Alternative Accounts



Chapter II has provided an ontology of mind-body. Phenomenology is the explication of being-for-us (vide Chapter I C 1c). Though the ontology’s claim to veracity lies in mirroring the essential structure of reality, it is not complete by itself; nor is its necessity fully evident. In order to secure our ontology, we will examine the possibility of alternatives. Indeed part of this ontology’s significance is the exclusion of alternatives. By excluding both dualism and monism it establishes itself as an ontology of a special kind; it describes an identity in difference. But an alternative which it does not exclude defines its incompleteness, and will take us to the question of the dialectic. Thus, in order to develop our account we turn to others.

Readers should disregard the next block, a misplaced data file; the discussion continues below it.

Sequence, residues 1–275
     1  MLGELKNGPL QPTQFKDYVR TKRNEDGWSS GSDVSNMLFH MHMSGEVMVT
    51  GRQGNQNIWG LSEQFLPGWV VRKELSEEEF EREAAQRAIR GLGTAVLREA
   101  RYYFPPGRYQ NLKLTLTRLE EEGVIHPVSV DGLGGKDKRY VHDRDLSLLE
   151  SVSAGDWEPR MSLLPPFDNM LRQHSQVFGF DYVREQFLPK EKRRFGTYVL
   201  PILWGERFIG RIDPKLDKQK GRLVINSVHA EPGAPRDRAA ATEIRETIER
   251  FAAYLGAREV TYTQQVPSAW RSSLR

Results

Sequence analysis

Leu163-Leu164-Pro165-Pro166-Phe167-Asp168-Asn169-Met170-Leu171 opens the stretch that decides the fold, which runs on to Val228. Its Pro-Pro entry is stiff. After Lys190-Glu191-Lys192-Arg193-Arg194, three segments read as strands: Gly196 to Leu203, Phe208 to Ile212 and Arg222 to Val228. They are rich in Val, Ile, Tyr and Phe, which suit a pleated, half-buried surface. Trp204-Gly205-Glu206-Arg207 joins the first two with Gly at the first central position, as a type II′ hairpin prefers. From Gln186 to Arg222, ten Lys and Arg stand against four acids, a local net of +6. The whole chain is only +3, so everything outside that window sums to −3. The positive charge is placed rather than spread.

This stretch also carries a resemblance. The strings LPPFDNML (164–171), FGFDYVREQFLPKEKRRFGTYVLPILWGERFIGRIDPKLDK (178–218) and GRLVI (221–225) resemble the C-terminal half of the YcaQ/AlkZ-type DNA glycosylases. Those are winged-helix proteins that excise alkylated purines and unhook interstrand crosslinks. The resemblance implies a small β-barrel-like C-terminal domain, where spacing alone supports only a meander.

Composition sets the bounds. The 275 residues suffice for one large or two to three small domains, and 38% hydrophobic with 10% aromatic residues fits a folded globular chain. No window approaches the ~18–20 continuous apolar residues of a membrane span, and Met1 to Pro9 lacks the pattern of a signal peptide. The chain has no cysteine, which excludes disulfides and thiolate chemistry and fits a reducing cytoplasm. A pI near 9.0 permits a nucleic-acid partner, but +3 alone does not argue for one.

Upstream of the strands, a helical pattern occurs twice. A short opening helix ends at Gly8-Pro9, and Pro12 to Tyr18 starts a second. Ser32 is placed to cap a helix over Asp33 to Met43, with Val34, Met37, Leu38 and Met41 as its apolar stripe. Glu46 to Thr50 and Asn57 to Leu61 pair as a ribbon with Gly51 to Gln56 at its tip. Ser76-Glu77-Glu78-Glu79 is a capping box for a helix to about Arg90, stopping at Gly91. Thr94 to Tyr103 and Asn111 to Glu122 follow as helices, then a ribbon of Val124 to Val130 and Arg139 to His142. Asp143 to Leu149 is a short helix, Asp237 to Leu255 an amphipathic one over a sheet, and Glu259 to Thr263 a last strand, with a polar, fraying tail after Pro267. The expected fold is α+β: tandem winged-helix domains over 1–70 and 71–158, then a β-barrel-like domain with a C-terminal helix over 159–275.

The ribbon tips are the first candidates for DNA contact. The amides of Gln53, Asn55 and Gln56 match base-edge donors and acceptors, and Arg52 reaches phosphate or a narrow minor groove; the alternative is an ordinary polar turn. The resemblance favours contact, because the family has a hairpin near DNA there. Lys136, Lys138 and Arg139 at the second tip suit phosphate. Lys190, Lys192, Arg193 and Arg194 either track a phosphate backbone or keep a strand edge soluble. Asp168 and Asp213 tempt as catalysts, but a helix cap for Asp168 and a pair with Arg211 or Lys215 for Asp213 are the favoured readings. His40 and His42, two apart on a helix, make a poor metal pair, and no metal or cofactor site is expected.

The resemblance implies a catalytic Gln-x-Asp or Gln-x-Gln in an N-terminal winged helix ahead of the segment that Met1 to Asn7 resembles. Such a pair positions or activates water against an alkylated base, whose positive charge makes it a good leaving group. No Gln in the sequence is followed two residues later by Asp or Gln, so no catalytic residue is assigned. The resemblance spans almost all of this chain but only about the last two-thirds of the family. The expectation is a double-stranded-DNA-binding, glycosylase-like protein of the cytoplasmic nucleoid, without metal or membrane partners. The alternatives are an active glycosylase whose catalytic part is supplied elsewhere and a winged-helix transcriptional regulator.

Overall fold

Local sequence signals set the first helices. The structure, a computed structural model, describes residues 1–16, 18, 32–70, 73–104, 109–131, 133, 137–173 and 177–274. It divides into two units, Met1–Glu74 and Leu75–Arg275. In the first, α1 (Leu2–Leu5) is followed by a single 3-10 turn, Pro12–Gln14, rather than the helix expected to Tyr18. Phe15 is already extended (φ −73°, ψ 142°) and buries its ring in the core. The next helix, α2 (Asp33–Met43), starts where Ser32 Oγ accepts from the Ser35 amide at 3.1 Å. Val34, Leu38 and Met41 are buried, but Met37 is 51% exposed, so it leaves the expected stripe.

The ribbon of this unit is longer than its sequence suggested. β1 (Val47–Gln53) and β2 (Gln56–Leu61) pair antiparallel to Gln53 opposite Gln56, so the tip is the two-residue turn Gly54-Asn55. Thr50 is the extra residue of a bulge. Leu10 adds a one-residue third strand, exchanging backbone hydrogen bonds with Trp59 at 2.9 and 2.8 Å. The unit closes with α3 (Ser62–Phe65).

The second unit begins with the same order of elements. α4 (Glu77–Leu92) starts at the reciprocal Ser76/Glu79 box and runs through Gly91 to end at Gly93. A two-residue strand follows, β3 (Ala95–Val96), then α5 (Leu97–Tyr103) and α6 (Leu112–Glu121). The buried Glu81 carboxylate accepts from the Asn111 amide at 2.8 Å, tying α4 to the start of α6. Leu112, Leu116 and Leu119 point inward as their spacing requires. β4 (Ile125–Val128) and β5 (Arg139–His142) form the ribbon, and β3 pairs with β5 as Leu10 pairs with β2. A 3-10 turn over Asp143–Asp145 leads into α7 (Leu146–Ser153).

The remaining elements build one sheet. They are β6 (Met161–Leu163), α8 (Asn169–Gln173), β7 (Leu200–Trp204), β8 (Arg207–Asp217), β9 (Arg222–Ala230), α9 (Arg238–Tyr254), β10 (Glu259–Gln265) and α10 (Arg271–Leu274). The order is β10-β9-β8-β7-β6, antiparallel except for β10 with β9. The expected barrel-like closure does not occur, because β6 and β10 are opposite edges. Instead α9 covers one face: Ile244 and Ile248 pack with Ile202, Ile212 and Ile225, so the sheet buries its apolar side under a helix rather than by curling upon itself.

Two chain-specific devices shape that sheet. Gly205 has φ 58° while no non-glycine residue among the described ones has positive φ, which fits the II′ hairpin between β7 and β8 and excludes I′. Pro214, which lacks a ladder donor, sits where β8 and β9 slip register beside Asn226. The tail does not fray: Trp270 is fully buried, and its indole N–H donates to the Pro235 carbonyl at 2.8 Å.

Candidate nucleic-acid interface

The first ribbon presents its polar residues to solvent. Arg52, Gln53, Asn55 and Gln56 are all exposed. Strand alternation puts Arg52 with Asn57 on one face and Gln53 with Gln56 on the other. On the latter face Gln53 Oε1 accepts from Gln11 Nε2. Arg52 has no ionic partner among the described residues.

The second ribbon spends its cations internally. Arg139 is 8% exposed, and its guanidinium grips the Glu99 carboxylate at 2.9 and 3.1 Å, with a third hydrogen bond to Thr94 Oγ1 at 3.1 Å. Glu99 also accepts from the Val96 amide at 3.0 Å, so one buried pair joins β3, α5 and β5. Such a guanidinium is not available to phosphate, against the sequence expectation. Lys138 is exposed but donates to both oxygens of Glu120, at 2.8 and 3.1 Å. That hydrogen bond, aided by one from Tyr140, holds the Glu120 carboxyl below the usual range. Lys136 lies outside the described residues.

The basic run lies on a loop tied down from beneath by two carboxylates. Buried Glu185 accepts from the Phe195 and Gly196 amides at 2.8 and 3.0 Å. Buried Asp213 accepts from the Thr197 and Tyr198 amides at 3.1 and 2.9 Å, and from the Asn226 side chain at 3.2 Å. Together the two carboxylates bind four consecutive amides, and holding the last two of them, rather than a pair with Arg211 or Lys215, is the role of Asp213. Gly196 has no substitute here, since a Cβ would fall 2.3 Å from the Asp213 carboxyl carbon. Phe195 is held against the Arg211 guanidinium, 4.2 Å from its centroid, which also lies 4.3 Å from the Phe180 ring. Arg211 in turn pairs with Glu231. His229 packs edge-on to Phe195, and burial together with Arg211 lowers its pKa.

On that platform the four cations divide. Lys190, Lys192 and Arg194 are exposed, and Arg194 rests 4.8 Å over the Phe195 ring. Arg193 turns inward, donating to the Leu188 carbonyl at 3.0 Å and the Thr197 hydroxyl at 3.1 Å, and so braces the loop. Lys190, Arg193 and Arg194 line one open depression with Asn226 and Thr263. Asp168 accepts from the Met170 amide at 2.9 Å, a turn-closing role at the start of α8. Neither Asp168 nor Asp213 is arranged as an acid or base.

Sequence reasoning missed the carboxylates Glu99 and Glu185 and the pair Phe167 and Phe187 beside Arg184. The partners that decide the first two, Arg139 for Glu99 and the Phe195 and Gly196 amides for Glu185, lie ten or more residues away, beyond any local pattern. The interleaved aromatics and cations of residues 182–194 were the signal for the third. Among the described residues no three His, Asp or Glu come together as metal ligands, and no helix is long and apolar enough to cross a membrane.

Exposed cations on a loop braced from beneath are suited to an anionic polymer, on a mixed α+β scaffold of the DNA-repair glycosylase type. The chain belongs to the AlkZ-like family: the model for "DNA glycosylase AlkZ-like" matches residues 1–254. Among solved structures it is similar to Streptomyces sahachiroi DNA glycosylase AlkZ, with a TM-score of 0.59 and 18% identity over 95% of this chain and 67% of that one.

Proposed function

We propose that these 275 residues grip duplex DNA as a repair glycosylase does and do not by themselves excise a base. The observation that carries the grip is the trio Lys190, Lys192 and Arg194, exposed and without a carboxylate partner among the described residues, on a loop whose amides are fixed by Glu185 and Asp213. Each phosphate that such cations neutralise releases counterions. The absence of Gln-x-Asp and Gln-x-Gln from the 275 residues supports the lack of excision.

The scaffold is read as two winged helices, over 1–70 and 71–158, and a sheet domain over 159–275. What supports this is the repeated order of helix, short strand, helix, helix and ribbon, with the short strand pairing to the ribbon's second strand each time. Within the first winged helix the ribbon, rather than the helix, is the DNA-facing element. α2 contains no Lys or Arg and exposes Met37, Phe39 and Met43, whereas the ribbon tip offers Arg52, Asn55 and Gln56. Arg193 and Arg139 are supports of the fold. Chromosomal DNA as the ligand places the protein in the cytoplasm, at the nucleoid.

Physical Reality Categorial Analysis Alternative Account Notional Unity Mental Reality 
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  1. 21.
    Wilfred Sellars, “The Identity Approach to the Mind-Body Problem,” in Review of Metaphysics 18, (March 1965), pp. 441–442Google Scholar
  2. 36.
    G. Hartshorne, “The Case for Idealism,” in The Philosophical Forum, 1, (Fall 1968), p. 10.Google Scholar
  3. 37.
    Swami Nikhilananda, The Upanishads, Vol. 1 (New York, 1949), p. 167.Google Scholar

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© Martinus Nijhoff, The Hague, Netherlands 1973

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